Nate Marschalk and Elizabeth Valerio are vacationing in an exotic locale. The weather is lovely, the people are friendly and the hotel is boutique-cute.
And they can’t wait to get the hell out of there.
The St. Louis couple is just one of more than 1,300 U.S. citizens trapped in Peru by a 15-day quarantine imposed by the Peruvian government to combat the COVID-19 outbreak.
“It’s like being held in a very well-appointed prison,” Marschalk said Thursday from the Aranwa Hotel in Cusco.
“This whole situation doesn’t seem real,” Valerio said. “It’s so strange that I wake up every morning and have to remind myself this is really happening.”
Most of all they miss their 2-year-old daughter, Josephine, who is splitting time with her grandparents: John and Debbie Marschalk, and Tony and Ann Valerio.
“She’s having a blast with them and we FaceTime with her three, four times a day,” Valerio said. “We knew we’d be away from her for a week, but this … ?”
“This” began in November when Valerio, principal at KIPP Triumph Academy, and Marschalk, a training specialist for Edward Jones, bought a vacation package during Black Friday sales.
They arrived in Lima, Peru, on March 13 — the start of what was to be a weeklong trip to see Machu Picchu and other ancient Incan sites.
They immediately headed to Cusco, the main city for Incan-site tourists. They stayed until Sunday and then set off for Aguas Calientes, a town close to Machu Picchu.
They arrived Sunday night, just in time to hear that the Peruvian government was declaring a state of emergency.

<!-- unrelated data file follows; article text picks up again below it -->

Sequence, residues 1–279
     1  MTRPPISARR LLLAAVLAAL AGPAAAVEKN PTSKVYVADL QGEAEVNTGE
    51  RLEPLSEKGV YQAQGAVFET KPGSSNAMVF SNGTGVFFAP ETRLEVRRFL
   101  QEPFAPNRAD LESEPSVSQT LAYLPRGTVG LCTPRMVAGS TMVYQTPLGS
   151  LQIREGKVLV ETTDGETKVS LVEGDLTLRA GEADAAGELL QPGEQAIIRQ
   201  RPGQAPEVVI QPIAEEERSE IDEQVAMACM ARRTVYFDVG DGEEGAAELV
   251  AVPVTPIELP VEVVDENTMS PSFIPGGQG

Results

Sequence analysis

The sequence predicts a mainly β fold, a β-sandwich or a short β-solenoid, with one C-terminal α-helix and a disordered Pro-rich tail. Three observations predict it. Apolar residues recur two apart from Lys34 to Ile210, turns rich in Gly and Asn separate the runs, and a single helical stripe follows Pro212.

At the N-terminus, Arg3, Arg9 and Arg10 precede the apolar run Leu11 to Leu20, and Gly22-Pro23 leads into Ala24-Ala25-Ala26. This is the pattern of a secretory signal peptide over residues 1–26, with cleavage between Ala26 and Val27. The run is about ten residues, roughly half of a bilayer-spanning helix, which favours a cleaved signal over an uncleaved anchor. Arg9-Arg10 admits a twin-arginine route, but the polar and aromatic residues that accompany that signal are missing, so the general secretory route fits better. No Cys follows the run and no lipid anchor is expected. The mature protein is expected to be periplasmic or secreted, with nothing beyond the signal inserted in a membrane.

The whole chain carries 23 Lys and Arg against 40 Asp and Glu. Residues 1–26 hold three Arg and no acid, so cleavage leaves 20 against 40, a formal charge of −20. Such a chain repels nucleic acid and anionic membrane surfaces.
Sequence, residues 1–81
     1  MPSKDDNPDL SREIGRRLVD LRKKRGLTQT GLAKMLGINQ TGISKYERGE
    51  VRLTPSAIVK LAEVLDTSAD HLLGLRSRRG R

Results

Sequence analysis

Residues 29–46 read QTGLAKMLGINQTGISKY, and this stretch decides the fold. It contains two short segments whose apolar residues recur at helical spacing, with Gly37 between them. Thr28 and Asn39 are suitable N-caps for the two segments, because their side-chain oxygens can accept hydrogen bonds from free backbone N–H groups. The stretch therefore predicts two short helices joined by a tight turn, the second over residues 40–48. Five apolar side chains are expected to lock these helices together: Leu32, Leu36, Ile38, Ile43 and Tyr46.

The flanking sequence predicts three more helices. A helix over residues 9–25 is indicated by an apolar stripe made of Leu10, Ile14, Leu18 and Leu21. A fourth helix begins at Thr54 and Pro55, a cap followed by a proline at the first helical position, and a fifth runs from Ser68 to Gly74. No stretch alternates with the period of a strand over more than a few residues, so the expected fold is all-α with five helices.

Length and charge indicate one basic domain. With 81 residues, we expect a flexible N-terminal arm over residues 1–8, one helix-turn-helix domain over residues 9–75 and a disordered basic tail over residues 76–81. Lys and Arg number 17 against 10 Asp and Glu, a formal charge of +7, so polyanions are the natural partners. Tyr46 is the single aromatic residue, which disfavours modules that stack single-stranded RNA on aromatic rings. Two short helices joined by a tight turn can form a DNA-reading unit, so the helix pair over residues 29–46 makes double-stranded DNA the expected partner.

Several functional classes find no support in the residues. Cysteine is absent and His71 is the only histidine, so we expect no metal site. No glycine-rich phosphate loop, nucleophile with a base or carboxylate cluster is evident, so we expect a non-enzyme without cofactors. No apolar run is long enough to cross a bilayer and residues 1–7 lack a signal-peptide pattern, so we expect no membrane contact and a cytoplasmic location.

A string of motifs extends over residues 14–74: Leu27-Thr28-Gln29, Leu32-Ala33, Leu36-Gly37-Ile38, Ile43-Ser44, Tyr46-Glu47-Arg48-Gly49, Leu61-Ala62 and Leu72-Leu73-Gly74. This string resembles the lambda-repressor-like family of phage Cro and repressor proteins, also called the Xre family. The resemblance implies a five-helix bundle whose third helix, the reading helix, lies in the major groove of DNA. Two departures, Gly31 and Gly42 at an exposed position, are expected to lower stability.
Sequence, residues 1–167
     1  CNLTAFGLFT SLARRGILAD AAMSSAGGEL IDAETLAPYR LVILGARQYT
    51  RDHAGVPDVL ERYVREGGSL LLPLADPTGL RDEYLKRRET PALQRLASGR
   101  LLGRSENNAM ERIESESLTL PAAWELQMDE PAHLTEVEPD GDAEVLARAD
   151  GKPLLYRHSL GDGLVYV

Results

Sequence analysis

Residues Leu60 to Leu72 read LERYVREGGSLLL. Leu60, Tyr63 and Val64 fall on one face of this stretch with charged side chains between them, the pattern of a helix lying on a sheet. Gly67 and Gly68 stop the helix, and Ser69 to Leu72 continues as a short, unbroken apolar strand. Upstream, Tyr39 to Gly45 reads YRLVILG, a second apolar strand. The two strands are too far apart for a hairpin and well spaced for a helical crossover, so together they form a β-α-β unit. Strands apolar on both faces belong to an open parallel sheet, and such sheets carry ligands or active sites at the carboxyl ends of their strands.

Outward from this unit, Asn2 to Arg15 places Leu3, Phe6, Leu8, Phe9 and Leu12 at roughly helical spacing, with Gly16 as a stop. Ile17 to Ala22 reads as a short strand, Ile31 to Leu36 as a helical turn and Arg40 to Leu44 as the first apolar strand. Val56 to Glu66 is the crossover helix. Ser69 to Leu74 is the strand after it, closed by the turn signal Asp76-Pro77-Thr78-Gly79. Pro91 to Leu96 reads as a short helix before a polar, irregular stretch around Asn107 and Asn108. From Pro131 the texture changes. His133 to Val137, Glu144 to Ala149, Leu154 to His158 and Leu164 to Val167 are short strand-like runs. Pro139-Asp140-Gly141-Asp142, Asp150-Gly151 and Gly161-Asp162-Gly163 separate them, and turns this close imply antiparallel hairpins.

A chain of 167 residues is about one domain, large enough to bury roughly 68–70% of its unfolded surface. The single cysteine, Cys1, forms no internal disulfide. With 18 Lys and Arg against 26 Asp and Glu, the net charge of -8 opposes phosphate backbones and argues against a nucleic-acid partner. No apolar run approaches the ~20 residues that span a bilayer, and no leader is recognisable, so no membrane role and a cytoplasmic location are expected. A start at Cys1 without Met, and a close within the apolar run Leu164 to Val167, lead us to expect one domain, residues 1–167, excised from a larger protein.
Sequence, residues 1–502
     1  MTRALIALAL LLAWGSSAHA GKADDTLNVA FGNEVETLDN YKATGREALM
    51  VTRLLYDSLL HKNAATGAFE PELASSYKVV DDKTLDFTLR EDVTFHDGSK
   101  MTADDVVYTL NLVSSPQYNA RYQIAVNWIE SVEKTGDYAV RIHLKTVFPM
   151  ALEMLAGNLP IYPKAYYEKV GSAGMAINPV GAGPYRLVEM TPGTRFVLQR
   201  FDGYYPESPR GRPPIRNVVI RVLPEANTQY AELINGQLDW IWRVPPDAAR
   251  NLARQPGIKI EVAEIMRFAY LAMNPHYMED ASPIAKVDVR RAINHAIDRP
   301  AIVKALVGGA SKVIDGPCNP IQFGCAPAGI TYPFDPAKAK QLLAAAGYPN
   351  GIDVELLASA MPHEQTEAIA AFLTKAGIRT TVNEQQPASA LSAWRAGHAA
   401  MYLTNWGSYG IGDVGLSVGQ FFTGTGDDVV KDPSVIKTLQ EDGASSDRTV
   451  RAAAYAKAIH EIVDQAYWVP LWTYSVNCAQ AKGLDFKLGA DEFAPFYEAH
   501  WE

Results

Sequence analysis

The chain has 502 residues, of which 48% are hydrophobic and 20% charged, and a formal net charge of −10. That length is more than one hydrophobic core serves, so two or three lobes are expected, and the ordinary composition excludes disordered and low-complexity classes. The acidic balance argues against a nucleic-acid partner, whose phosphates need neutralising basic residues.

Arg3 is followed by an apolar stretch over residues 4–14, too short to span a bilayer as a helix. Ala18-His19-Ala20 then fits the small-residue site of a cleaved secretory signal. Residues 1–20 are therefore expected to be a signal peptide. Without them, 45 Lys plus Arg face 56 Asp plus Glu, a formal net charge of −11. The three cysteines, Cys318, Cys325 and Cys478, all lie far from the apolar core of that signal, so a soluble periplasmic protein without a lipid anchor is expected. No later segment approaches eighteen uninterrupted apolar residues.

“Then Monday morning, they said Machu Picchu was closed and everyone had to go to the train station and leave,” Valerio said.
So they returned to Cusco, by train and bus, for what originally was going to be a two-night stay at Hotel Aranwa.
“It’s really nice, it was our splurge on the trip,” Valerio said. “But now we’re here until this is over, and we really can’t afford that.”
Their days in Peru are understandably predictable, with one highlight being breakfast.
“Breakfast is included with our room, so basically we stuff ourselves,” Marschalk said.
But even a nice hotel becomes claustrophobic when you know you can’t leave.
“The only trip we’re allowed to make is to a small grocery store down the street,” Valerio said. “We look forward to that, walking down there and taking the long way every time, just walk up and down a side street to get some exercise.”
Peruvian police have a heavy presence in the area, strictly enforcing the limits on people moving.
“Don’t get me wrong, they’re very polite. But if you leave the hotel, you better have your passport and you have to stay inside a certain area,” she said.
After breakfast, they spend time either in their room or in the hotel’s courtyard chatting with a Michigan couple. Temperatures are in the 50s with sunshine. “The weather’s quite nice,” Marschalk said.
Another time-killing exercise has been to write emails to family and friends, and elected officials.
“We’ve written to all kinds of elected officials: the governor, lieutenant governor, both (U.S.) senators, representatives,” Valerio said.
“We heard back from Josh Hawley’s office. Not sure there’s anything they can really do for us, but it was nice to hear from them,” she said.
Good thing they decided to take their laptops.
“We were thinking of leaving them at home,” she said. “But we decided to take them for the long flights, and now we’re so glad we did.”
The laptops gave them access to a spreadsheet, posted on social media by a U.S. tourist elsewhere in Peru, which shows there are about 1,350 Americans now quarantined in Peru, Valerio said.
They also spend a lot of time trying to arrange a flight home.
“The quarantine expires on March 31, and we managed (a few days ago) to get a flight out on April 1,” she said. “But now we just found out it’s been canceled.”
But they know it could be worse, as with a German couple they met.
“They’re hikers,” Marschalk said, “and they’re spending the quarantine in a hostel — with 24 other people.”
Your weekly capsule of local news, life advice, trivia and humor from Post-Dispatch columnist Joe Holleman.